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Justices asked to revisit Indian family law

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At least one Indiana Court of Appeals judge believes the state’s highest court should revisit how it applies a three-decade old statute to tribal Indian family adoption issues inside Indiana.

Ruling today on the case of In Re The Adoption of D.C. v. J.C. and A.C., No. 49A02-0909-CV-862, the panel unanimously affirmed a Marion County probate judge’s decision to allow a stepfather to adopt an 11-year-old boy who’d lived with him since birth.

The case presented a family law issue about the Indian Child Welfare Act of 1978, 25 U.S.C. § 1901-1963 (1982), which is aimed at protecting the interests of tribal children and promoting stability and security to those tribes and families by minimizing their removal from those environments.

Stepfather J.C. had petitioned Marion Superior Court to adopt D.C., who’d been living with him since birth in 1998 after the mother S.C. had separated from his biological father. Mother and stepfather had custody of the child until the mother’s death in 2005. A few months before that, stepfather had obtained S.C.’s notarized consent to adopt D.C. Stepfather later remarried and his new wife joined the petition, arguing that biological father’s consent wasn’t needed under Indiana state law where they lived because the man hadn’t communicated or provided support significantly through the years.

But biological father contested D.C.’s adoption under ICWA, arguing the law should be applied because he was a member of the Sitka Tribe of Alaska, an older son now living with him had enrolled in that tribe, and D.C. would be eligible for enrollment at some point. Another elder child was originally part of this case, but at age 15 that child went to live with biological father and was removed as part of the petition.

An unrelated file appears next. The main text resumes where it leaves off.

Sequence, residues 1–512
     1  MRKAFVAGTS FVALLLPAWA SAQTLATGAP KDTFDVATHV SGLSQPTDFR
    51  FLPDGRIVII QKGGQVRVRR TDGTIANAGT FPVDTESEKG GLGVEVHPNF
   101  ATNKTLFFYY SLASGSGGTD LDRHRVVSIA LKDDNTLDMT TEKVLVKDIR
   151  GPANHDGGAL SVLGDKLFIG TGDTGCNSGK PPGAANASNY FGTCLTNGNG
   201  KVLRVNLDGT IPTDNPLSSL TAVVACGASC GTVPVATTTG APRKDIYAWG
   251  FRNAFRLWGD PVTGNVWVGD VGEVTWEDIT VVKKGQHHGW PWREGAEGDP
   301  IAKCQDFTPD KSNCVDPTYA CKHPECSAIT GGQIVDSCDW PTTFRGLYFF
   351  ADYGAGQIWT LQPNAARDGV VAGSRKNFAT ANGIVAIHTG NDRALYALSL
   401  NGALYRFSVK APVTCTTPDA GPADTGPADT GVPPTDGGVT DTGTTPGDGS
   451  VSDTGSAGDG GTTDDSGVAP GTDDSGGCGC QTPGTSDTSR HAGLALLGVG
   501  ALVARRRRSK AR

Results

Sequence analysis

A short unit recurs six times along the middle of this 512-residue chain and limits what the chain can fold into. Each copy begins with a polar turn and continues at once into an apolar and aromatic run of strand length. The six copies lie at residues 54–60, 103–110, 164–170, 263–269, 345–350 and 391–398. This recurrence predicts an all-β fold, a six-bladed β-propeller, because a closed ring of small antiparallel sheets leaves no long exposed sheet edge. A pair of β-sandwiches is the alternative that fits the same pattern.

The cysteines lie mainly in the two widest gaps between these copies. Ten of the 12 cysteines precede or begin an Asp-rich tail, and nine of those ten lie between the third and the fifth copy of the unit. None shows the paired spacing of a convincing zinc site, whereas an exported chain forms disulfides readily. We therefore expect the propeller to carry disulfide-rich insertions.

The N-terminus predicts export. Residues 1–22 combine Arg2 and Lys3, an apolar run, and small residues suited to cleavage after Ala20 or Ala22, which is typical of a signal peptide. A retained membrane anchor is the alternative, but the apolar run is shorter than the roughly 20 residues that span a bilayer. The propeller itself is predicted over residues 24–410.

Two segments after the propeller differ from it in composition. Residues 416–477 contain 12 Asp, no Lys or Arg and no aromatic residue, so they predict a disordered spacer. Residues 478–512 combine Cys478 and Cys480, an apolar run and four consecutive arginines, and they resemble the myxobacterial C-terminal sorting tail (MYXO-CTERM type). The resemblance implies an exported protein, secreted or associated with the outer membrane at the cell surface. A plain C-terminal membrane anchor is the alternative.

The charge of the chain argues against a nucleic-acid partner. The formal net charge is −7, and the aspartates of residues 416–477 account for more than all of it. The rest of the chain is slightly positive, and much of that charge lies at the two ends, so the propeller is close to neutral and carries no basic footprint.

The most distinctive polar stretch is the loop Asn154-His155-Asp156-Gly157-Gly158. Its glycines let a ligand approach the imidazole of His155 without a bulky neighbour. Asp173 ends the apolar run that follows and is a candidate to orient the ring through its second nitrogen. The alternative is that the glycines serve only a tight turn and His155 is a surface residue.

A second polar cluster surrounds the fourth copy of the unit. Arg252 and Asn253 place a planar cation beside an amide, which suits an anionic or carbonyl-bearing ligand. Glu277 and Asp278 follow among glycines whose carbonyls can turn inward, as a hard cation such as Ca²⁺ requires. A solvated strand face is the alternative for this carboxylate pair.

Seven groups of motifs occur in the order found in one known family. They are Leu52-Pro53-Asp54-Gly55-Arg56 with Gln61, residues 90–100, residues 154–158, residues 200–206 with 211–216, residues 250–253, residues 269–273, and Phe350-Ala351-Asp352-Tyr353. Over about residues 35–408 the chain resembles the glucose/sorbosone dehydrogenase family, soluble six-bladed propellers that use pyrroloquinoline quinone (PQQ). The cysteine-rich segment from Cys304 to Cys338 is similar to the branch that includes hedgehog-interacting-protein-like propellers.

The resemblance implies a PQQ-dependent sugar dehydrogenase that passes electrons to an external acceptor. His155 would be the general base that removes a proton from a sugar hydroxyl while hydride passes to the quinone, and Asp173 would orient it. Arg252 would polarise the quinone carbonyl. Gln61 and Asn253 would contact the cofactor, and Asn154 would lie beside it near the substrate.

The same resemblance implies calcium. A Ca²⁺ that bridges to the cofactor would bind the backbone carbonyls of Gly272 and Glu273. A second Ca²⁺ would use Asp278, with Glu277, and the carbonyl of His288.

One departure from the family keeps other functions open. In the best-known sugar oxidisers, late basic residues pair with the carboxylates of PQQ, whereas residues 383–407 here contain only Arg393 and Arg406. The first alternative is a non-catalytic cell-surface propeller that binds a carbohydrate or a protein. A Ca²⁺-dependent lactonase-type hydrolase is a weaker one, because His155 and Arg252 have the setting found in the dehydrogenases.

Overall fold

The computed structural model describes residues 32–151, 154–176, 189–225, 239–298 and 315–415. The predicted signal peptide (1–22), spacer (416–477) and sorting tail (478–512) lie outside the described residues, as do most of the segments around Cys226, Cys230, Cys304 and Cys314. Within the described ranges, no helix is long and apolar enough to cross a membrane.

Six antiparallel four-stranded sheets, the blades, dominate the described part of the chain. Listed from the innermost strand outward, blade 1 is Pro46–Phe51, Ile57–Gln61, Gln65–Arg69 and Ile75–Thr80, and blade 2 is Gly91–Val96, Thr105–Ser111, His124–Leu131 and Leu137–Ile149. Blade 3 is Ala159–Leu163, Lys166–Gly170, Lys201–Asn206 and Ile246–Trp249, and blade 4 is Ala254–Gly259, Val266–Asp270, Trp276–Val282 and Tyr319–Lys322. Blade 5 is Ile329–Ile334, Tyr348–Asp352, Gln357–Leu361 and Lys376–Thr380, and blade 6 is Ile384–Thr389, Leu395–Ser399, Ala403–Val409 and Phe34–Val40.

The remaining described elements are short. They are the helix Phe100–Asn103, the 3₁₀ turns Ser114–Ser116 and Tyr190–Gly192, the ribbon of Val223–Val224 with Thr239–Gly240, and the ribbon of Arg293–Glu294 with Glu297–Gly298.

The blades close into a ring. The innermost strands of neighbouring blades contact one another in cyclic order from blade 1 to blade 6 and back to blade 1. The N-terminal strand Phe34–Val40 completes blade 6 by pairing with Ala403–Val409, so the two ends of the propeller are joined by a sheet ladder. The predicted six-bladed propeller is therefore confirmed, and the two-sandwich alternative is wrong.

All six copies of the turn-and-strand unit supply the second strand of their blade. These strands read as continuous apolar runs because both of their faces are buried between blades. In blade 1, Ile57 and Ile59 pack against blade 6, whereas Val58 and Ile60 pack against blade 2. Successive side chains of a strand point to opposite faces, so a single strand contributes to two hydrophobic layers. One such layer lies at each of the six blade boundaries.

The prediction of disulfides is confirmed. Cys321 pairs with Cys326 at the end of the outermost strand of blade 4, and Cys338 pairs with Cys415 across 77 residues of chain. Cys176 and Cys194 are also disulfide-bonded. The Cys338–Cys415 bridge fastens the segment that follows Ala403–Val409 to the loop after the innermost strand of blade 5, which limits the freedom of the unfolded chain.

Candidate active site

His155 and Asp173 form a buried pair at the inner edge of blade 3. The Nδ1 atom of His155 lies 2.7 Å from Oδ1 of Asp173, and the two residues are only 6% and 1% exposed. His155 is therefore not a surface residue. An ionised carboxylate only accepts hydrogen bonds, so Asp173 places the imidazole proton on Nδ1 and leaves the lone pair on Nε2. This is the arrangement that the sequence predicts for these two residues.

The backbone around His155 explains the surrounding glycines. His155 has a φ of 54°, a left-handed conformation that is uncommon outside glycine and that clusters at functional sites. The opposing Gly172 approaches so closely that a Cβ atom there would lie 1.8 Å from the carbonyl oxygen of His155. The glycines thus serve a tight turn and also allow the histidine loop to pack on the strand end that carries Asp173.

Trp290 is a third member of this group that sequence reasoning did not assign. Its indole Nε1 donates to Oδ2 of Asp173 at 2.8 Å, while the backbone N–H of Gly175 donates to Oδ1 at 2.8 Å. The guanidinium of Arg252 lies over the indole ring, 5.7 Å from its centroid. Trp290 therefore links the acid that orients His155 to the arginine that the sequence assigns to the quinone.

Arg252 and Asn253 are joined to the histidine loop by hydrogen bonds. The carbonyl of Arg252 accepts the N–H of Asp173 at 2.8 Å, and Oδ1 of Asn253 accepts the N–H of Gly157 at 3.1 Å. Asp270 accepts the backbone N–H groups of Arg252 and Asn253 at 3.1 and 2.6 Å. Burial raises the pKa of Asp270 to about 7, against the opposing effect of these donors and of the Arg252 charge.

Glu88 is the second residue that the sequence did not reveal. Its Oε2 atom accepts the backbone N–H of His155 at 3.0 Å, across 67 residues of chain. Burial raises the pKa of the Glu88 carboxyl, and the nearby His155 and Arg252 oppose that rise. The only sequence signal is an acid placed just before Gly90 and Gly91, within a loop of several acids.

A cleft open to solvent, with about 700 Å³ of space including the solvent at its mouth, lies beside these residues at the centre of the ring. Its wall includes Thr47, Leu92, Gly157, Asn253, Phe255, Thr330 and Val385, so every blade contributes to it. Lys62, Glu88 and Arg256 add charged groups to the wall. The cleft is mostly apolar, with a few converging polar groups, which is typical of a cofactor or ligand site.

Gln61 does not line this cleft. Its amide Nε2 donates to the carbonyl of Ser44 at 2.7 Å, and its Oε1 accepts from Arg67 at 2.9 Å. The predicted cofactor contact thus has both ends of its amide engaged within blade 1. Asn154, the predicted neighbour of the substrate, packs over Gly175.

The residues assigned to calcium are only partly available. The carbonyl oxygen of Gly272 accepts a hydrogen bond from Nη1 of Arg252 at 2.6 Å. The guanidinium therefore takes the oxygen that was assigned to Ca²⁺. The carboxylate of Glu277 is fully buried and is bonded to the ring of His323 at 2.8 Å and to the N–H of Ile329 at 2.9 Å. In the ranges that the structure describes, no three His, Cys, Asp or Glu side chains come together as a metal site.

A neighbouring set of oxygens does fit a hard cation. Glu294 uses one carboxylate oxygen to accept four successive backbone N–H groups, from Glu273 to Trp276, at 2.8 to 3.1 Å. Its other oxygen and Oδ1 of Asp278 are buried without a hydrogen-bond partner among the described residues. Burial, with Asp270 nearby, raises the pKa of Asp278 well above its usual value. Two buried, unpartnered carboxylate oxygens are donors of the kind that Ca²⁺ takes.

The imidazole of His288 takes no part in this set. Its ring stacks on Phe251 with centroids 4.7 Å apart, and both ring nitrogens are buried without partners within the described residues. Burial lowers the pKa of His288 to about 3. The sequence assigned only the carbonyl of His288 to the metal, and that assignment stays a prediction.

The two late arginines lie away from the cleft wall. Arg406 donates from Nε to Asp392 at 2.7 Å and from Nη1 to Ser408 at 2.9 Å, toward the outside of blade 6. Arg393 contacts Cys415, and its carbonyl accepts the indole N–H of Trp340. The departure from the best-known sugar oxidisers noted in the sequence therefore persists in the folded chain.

Marion Superior Judge Tanya Walton Pratt found ICWA to be inapplicable because there was no “removal” from custody within an Indian family as contemplated by the law, and that the Indiana Supreme Court has found it applies when a tribal Indian child is being removed from an existing Indian environment.

The Court of Appeals found that it was in the child’s best interests to stay with stepfather in Indiana, since he’d cared for D.C. without interruption for the 11 years before this adoption matter. In addition, the court noted that biological father had not objected to custody and had extremely limited contact while accumulating tens of thousands of dollars in unpaid child support payments. The appellate judges also found biological father’s adoption consent wasn’t required.